Content in this blog post:
- Causes and Effects
- How People with Autism Respond to Repetition
- Why Stimming Occurs
- Should Parents Try to Stop Stimming?
- When Can Stimming Become a Problem?
- Autism Treatment and How it Relates to Stimming
Causes and Effects
Every person with autism spectrum disorder (ASD) experiences the condition differently, but repetitive behaviors are some of the most common behavioral manifestations of ASD. Parents often notice physical or verbal repetition in their children on the spectrum. This can involve repetition of certain words, phrases, or questions; repetition of parent’s speech back to them rather than producing appropriate responses; a focus on a repetitive activity; or a repetition of a particular physical motion. Repetitive physical motions or vocalizations, often known as “stimming” behaviors, can serve multiple purposes for individuals with autism. Understanding the causes and effects of such behaviors can help parents better understand their children’s communication and emotional expression.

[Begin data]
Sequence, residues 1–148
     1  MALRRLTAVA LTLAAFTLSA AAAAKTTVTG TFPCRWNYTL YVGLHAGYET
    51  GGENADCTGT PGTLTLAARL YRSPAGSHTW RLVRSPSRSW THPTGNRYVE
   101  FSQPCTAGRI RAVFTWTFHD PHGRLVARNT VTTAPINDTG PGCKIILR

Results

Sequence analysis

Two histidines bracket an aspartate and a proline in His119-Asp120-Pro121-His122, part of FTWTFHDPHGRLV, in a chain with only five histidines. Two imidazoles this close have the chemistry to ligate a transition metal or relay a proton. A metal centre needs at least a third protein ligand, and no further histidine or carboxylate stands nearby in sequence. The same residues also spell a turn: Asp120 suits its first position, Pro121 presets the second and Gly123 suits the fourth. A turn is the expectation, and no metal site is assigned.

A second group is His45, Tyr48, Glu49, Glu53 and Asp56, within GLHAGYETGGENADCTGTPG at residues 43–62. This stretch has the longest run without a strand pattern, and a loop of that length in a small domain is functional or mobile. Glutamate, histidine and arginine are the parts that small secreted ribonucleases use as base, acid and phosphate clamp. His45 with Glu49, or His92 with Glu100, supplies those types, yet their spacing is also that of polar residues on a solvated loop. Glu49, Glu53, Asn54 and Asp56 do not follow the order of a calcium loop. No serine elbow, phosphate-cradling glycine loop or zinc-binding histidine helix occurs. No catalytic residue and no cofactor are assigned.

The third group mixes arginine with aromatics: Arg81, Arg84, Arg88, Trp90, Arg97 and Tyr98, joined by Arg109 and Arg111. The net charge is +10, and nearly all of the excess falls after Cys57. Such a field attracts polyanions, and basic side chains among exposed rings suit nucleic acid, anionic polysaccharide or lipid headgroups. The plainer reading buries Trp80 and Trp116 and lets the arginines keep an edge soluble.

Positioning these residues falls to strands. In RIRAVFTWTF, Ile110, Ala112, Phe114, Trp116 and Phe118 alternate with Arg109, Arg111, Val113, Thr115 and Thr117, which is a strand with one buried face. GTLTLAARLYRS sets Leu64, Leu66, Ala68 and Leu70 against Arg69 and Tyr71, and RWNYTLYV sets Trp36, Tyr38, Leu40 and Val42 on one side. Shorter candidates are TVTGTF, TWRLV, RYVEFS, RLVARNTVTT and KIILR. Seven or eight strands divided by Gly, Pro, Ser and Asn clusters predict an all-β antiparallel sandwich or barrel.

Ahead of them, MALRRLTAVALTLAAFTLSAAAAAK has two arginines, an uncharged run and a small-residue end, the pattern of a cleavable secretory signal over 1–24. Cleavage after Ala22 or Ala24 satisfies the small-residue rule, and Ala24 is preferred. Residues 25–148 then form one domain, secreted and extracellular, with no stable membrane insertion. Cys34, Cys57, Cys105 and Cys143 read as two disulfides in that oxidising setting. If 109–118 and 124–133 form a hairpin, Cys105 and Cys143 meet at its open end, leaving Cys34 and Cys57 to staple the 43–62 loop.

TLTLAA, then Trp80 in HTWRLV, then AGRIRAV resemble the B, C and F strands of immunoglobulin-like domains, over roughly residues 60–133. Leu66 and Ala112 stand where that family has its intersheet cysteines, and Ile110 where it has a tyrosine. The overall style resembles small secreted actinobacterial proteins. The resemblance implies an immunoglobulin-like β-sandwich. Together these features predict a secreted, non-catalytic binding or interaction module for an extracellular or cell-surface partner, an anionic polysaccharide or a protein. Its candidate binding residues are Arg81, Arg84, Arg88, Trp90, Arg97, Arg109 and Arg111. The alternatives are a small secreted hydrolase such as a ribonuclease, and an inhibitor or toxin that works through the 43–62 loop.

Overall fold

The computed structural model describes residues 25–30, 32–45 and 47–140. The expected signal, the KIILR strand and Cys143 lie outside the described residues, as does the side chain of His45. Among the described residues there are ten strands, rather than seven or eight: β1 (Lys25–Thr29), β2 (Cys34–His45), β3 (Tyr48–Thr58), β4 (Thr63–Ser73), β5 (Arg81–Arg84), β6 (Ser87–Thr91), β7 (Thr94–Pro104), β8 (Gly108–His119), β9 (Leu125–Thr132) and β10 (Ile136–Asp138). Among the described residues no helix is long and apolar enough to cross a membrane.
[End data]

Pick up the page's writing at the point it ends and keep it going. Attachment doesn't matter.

How People with Autism Respond to Repetition
Research has shown that “repetitive movements and manipulation of objects are among the first signs of autism to emerge in toddlers.”[i] Brain imaging studies have found that repetition suppression – the reduction in brain response to a repeated stimulus – is diminished in individuals with more autism-related traits. In other words, the brains of people with autism interpret repeated stimuli differently compared to others. Researchers further speculate that these differences in brain activity could possibly account for some of the “behavioral traits associated with autism, such as rigid and repetitive patterns of behavior and an insistence on sameness.”[ii]
Why Stimming Occurs
The repetitive movements made by some children with autism can prove confusing to parents, who may not understand their purpose or whether they indicate distress. Short for self-stimulatory behavior, “stimming” can take the form of hand flapping, physically rocking back and forth, or similar motions. Stimming can also occur verbally, with repeated humming, grunting, or similar vocalizations. People with ASD may “stim” to calm themselves, decrease stress, express a sense of being overwhelmed, express excitement, or for other reasons. Stimming can regulate the individual’s level of sensory stimulation, by either blocking or shifting the focus from external stimuli or by providing stimulus when there is a perceived lack of it.[iii]